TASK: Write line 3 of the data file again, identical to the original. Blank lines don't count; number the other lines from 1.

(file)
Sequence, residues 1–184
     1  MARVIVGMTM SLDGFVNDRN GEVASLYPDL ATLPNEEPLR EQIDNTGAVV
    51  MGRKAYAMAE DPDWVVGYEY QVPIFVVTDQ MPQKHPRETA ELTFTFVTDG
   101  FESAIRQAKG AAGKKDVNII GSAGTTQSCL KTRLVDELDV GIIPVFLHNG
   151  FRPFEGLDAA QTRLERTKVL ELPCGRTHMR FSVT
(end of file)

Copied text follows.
    51  MGRKAYAMAE DPDWVVGYEY QVPIFVVTDQ MPQKHPRETA ELTFTFVTDG